JAKARTA, KOMPAS.com – Indonesia’s central bank said that the transition of energy from fossil fuels to renewables requires large funds, which is expected to reach $3.5 trillion annually.
Bank Indonesia (BI) senior deputy governor Destry Damayanti said that the cost of climate change is higher than the costs of handling the 2008 global crisis and the Covid-19 pandemic. The cost of handling extreme weather alone has reached $5.1 trillion in the last 20 years.
“The International Energy Agency estimated that a low-carbon transition could reach about $3.5 trillion in energy sector investment annually. This amount is double the current rate,” Destry said at a seminar titled “Building a Resilient Sustainable Finance” on Monday, Feb. 21.
However, the pandemic must end immediately. If not well managed, countries would face several climate change threats such as extreme weather, clean water crisis, forest fires, and other environmental disturbances. Furthermore, it could disrupt monetary and financial system stability.
According to a study conducted by the Swiss Institute, the earth’s temperature will increase by 3.2 degrees Celsius and cut potential global gross domestic product (GDP) by 80 percent if no steps will be taken.
However, if each country achieves the Paris climate agreement, the maximum temperature increase can be reduced from 3.2 degrees Celsius to two degrees Celsius. While the global GDP could shrink by four percent.
“To control climate change and further reduce the risk of natural disasters, great efforts must be taken and a massive reallocation of funds is required to represent an unprecedented potential risk,” Destry said.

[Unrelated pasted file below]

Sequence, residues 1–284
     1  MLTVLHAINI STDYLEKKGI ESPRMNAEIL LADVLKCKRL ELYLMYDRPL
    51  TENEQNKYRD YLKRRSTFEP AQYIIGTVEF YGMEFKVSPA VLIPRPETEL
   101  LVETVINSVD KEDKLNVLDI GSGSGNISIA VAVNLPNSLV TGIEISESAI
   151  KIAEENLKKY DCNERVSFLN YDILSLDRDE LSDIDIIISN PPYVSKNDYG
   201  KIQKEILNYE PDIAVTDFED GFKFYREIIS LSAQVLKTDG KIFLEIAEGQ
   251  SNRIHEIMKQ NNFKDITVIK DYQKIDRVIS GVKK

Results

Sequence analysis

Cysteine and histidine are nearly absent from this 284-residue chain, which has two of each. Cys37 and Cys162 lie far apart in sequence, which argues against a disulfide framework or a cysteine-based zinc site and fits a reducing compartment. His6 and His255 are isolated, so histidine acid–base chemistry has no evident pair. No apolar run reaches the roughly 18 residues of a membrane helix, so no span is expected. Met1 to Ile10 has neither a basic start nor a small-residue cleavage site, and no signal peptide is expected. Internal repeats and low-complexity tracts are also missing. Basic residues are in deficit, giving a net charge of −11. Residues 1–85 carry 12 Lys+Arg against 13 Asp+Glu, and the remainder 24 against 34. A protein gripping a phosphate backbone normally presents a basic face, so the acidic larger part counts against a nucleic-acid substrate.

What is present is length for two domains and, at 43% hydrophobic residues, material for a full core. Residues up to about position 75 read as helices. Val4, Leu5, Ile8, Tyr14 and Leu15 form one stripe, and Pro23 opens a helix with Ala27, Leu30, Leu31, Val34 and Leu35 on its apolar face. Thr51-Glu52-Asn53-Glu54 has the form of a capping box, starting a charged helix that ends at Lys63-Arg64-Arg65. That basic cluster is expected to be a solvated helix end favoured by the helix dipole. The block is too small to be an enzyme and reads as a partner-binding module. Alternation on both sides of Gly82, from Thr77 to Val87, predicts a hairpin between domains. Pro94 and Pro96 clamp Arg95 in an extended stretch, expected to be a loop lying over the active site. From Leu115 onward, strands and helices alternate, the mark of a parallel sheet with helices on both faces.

Currently, she added, countries have realized the importance of global green transformation. This was presented during COP26 in November 2021 as world leaders agreed to overcome climate change seriously.
At the meeting, all countries must contribute to reducing greenhouse gas emissions to net-zero emissions by 2050. “To deal with this serious matter, there is a need to have a sustainable financial design,” she said.
As Indonesia serves as G20 president this year, the country has set the G20 sustainable financial roadmap on three main topics. First, to develop a framework for financial transition and increase the credibility and commitment of financial institutions. Second, to increase sustainable financial instruments by focusing on accessibility and affordability. Third, to make policies that encourage financing and investment to support the transition.
“This policy framework is well-designed, well-executed, and well-targeted to bring the public and private sector to collaborate in overcoming the climate crisis in the future,” said Destry.
(Writer: Fika Nurul Ulya | Editor: Erlangga Djumena)
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